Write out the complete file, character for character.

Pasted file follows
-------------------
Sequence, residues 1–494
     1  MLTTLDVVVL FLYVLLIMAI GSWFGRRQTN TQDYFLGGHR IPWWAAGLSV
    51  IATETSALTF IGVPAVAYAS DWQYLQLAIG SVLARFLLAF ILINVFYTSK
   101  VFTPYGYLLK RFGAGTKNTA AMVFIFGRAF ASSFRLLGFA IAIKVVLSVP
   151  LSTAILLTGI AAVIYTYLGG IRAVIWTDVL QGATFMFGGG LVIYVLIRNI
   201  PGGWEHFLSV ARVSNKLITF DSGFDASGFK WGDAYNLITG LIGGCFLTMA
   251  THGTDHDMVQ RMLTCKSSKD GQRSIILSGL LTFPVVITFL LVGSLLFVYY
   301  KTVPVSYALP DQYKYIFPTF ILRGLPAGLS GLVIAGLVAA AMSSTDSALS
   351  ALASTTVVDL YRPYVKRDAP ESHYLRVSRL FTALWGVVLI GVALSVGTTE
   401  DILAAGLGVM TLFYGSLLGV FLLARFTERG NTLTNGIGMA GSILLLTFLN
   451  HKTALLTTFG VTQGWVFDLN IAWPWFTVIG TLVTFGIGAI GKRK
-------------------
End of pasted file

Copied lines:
Sequence, residues 1–494
     1  MLTTLDVVVL FLYVLLIMAI GSWFGRRQTN TQDYFLGGHR IPWWAAGLSV
    51  IATETSALTF IGVPAVAYAS DWQYLQLAIG SVLARFLLAF ILINVFYTSK
   101  VFTPYGYLLK RFGAGTKNTA AMVFIFGRAF ASSFRLLGFA IAIKVVLSVP
   151  LSTAILLTGI AAVIYTYLGG IRAVIWTDVL QGATFMFGGG LVIYVLIRNI
   201  PGGWEHFLSV ARVSNKLITF DSGFDASGFK WGDAYNLITG LIGGCFLTMA
   251  THGTDHDMVQ RMLTCKSSKD GQRSIILSGL LTFPVVITFL LVGSLLFVYY
   301  KTVPVSYALP DQYKYIFPTF ILRGLPAGLS GLVIAGLVAA AMSSTDSALS
   351  ALASTTVVDL YRPYVKRDAP ESHYLRVSRL FTALWGVVLI GVALSVGTTE
   401  DILAAGLGVM TLFYGSLLGV FLLARFTERG NTLTNGIGMA GSILLLTFLN
   451  HKTALLTTFG VTQGWVFDLN IAWPWFTVIG TLVTFGIGAI GKRK